From ‘Doctor No,’ Ch. 14.’

The Martini.

Made with vodka, medium dry—say four parts of vodka to one of dry vermouth—with a twist of lemon peel. To be shaken with ice, not, as is more usual, stirred with ice and strained.

The full-dress, all-out version of this is

From ‘Casino Royale,’ Ch. 7.

The Vesper.

You will have to instruct the bartender or waiter specifically as follows:

Take three measures of Gordon’s gin, one measure of vodka, half a measure of Lillet vermouth. Shake very well until ice-cold. Serve in a deep champagne goblet with large slice of lemon peel.


When the drink arrives, take a long sip and tell the barman it’s excellent, but would be even better made with a grain-base vodka than a potato-base one.

i) The original recipe calls for Kina Lillet in place of Lillet vermouth. The former is flavoured with quinine and would be very nasty in a Martini. Our founder slipped up here. If Lillet vermouth isn’t available, specify Martini Rossi dry. Noilly Prat is good for many purposes, but not for Martinis.

ii) Make sure the barman is very ignorant, or very deferential, or very both, before talking about vodka bases. Potato vodka is the equivalent of poteen, or bath-tub gin, and getting hold of a bottle of it through ordinary commercial channels wouldn’t be easy even on the far side of the Iron Curtain.

More after the jump…

Posted by Paul Gallagher
10:25 am
One for the Road: Street photographs of drunk Japanese people
10:05 am

Tokyo-based photographer Lee Chapman has been documenting life in Japan for almost two decades. Originally from England, Chapman went to Japan on a one-year work contract to teach English at a language school. He now works as an English teacher at a local high school—which means he has plenty of free time to take photographs.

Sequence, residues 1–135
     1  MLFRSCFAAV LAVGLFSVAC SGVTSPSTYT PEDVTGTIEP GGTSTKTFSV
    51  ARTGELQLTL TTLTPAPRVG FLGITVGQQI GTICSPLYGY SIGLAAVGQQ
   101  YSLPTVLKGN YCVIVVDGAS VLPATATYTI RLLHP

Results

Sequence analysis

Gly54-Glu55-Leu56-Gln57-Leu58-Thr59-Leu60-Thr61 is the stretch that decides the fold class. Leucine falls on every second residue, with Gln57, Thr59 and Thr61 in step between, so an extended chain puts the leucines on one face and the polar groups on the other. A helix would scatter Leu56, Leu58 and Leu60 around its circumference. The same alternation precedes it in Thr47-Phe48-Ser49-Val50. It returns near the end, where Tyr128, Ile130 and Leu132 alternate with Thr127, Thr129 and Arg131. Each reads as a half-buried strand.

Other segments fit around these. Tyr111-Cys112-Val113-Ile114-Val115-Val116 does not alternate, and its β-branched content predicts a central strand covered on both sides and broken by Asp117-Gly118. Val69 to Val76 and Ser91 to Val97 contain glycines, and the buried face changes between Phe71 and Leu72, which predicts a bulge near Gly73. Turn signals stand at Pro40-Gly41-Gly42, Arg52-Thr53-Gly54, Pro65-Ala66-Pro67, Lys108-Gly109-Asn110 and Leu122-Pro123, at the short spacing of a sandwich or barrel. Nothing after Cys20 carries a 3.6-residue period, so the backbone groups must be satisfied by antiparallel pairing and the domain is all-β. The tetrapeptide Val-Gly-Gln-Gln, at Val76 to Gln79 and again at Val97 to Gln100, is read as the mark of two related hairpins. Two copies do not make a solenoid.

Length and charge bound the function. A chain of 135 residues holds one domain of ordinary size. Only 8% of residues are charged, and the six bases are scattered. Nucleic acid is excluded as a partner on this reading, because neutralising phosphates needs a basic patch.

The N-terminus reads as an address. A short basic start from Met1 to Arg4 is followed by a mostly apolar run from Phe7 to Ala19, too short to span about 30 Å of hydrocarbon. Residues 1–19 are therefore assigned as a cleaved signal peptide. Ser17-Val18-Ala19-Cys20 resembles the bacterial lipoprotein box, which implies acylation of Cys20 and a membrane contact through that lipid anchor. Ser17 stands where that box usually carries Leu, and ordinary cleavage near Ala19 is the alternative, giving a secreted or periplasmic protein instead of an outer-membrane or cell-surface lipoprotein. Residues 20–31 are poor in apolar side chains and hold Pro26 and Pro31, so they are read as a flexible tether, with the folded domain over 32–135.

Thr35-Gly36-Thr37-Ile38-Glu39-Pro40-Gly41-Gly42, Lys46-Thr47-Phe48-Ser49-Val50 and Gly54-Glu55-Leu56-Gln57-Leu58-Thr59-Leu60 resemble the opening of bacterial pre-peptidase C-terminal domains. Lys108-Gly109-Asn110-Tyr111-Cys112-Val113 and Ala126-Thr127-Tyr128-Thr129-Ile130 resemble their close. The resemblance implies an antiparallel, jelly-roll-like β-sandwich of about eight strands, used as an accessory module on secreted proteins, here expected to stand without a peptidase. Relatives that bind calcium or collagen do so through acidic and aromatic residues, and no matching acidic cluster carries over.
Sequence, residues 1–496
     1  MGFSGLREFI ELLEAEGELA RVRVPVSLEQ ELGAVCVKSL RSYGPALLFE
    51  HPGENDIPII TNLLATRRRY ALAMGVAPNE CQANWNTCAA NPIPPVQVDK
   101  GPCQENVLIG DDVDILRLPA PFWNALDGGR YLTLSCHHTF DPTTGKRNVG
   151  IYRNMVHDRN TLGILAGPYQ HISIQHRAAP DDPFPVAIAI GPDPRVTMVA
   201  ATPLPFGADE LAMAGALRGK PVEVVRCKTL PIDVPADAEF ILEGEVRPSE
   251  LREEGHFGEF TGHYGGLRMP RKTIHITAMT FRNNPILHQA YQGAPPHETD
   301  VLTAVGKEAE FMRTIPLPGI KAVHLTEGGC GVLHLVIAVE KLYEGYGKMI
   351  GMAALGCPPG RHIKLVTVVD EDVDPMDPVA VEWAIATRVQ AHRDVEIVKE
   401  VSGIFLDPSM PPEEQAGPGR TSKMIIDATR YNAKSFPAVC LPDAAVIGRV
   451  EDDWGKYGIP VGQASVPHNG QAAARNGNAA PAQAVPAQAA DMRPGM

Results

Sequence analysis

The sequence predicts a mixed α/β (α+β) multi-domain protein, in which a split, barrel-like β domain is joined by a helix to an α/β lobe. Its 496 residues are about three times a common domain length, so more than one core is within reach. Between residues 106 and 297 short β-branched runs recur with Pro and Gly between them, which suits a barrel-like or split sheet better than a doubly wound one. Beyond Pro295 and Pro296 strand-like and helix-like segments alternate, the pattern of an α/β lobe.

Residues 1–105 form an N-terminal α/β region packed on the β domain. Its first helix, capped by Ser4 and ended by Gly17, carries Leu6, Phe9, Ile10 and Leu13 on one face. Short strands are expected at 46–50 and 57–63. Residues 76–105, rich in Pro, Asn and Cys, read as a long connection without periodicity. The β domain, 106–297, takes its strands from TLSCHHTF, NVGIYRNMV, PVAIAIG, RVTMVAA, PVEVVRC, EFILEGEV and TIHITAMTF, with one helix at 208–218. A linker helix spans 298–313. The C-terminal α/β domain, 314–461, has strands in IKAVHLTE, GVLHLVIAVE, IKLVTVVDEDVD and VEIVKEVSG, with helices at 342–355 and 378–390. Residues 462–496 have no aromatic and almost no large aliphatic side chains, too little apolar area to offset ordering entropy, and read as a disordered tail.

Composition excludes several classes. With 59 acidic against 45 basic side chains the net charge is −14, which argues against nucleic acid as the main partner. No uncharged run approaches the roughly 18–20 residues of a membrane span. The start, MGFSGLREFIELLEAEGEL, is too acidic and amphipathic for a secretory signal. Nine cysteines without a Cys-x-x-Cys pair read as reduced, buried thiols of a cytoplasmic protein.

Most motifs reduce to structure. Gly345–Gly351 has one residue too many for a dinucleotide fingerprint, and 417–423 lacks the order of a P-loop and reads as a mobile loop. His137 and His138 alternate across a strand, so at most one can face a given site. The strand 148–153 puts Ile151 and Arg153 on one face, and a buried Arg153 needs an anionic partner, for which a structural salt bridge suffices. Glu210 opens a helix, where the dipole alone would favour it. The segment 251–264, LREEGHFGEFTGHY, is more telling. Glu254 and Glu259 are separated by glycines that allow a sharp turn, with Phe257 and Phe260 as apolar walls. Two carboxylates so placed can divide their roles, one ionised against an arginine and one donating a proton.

Chapman finds it easier to wander around Tokyo with a camera compared to say, London, where he says “the authorities are clamping down on photography in the public sphere.” As an outsider he finds himself attracted to subjects that many indigenous photographers might overlook. He has no interest in covering the “fashion girls of Harajuku and Shibuya” or the quirky trends so beloved by western fashion magazines. Instead, Chapman focuses on the areas that a lot of people don’t see—the old, the homeless, the people who live on the periphery of society.

Among the many subjects Chapman has covered is a series of photographs of drunks passed out on the city’s sidewalks, doorways, bars, and train stations. Being passed-out, stone-cold drunk on Tokyo’s streets is a common and accepted sight. Whether through an excess of alcohol or mere tiredness, businessmen in dapper suits can often be found lying spreadeagled next to heavy metal freaks and regular low-rent run-of-the-mill alcoholics.

Check more of Lee Chapman’s superb work here.
More of Lee Chapman’s photographs, after the jump…

Posted by Paul Gallagher
10:05 am